What is life’s greatest lesson? Morrie, a retired professor with a fatal disease, opts to use his predicament to share that message as opposed to just giving up and dying. Following the last few months of Morrie’s life will help you realize what is truly important in life.

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      3. The Last Lecture by Randy Pausch

      Lecture_Book

        Similar to Tuesdays with Morrie, Randy is a college professor who finds he has a fatal disease with only a few months to live. It is customary for professors at his university (Carnegie Mellon) to give a final lecture with the basis of ‘what wisdom would you impart to a large group of people if it was your last chance?’ Randy stays incredibly positive throughout and even keeps the lecture humorous and entertaining. Amidst it all, his wisdom is a powerful reminder about how to live a happy, full life.

        4. Earning Freedom by Michael Santos

        earning freedom

          Michael Santos was sentenced to 45 years is prison for selling drugs. During his term he fought hard to earn a masters degree and half of a doctorate (halted by the warden) while writing numerous books educating students about the criminal justice system. This book provides a fascinating window into his entire sentence (released in 2012) and how a positive attitude and strong work ethic got him through it. If he found happiness in prison through positive thinking, we can do it anywhere.

          If you don’t have the attention span to finish a long book, the following quick reads are shorter but just as powerful.

          5. The Little Engine That Could by Watty Piper

          little engine that could

            This book has shaped childrens’ minds for years. It illustrates the undeniable fact that when you think positively and believe in yourself, you can accomplish extraordinary things.

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            6. The Giving Tree by Shel Silverstein

            The_Giving_Tree

              Happiness is found in giving. What does it mean to love someone? What would you sacrifice for someone you love? This children’s book teaches a valuable lesson about unconditional love and what it truly means to be happy.

              7. The Dash by Linda Ellis and Mac Anderson

              the dash

                “When your life is over, everything you did will be represented by a single dash between two dates—what will that dash mean for the people you have known and loved?” (Linda Ellis) We don’t choose a lot of things about our life – parents, birthplace, etc. – but we can choose what that dash between those two dates means. This short book will give you a great perspective on making your life worthwhile.

                8. As a Man Thinketh by James Allen

                As-a-Man-Thinketh

                  “The outer conditions of a person’s life will always be found to be harmoniously related to his inner state… Men do not attract that which they want, but that which they are.” (James Allen) This book might be short, but it is jam-packed with statements that will make you stop and think. We truly become what we think we are. Negative thoughts affect us more than we know. Positive thinking = happy life.

                  9. A Million Miles in a Thousand Years by Donald  Miller

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                  a-million-miles-in-a-thousand-years

                    You are the author of your story. No matter how boring or dull your life has been, you can always turn it around. Donald was in a rut in his life. He had no desire to get out of bed and found himself questioning the meaning of life. Eventually he realized he wasn’t a slave to a pre-written script. He used that mindset to turn around his thoughts, actions, and life. When the closing credits roll on the story of your life, what will people say? Never forget that you have the power to push your limits and live an interesting, happy life.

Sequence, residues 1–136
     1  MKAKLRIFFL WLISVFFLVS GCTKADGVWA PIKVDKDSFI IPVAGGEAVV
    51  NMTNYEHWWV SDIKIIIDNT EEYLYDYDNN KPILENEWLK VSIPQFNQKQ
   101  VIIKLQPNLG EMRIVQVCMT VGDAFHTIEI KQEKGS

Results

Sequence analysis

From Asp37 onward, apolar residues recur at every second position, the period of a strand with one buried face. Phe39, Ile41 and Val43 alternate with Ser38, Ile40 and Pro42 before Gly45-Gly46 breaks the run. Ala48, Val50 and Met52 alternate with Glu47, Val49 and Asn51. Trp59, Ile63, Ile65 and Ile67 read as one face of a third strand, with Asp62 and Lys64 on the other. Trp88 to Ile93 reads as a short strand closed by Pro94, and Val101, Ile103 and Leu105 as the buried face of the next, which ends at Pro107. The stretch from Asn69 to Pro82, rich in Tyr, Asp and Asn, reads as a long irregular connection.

10. The Traveler’s Gift by Andy Andrews

                    travelersgift

                      The Traveler’s Gift is a fictional story about a man who is overwhelmed with life and finds himself thrown into numerous true events from history – including Abraham Lincoln’s Gettysburg Address. He interacts and learns important life lessons from seven different experiences. The book is full of ways to think more positively and find more success in life.

                      11. David and Goliath by Malcolm Gladwell

                      david and goliath

                        Malcolm Gladwell motivates you to challenge your preconceptions of underdogs and misfits in this thought-provoking book. When you break down the facts in the story of David and Goliath from the Bible, you find that David really wasn’t an underdog at all – he was the one with the advantage. This book outlines story after story after story of people who were at a disadvantage and learned to find the strength in their weakness.

                        12. How Will You Measure Your Life by Clayton M. Christensen

                        how will you measure

                          How would you feel if you got to the end of your life only to realize you had been measuring success wrong? Clayton provides a mass amount of wisdom and advice on how to live a life you won’t regret.

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                          13. Don’t Sweat the Small Stuff by Richard Carlson

                          Dont_Sweat_Small_Stuff

                            The small things we worry about every day may not seem like a big deal, but they wear us down slowly and stop us from living up to our full potential. Learn how to get rid of those worries and negative thoughts and live a happier life.

                            14. Mere Christianity by C.S. Lewis

                            mere christianity

                              C.S. Lewis, who used to be an Atheist, explains how he came to find meaning in life through Christianity. He breaks down all the reasons we doubt and falter in life and how living the principles of Christianity fixes our weaknesses. Lewis is famous for his deep, thought-provoking quotes and this book is no exception.

                              15. Bushido: The Way of the Samurai by Tsunetomo Yamamoto

                              bushido

                                Bushido is based on the Hagakure, a document that served as the basis for samurai warrior behavior. The document’s purpose was to shape the mind and the spirit of the samurai warrior.

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                                Featured photo credit: Annie Spratt via unsplash.com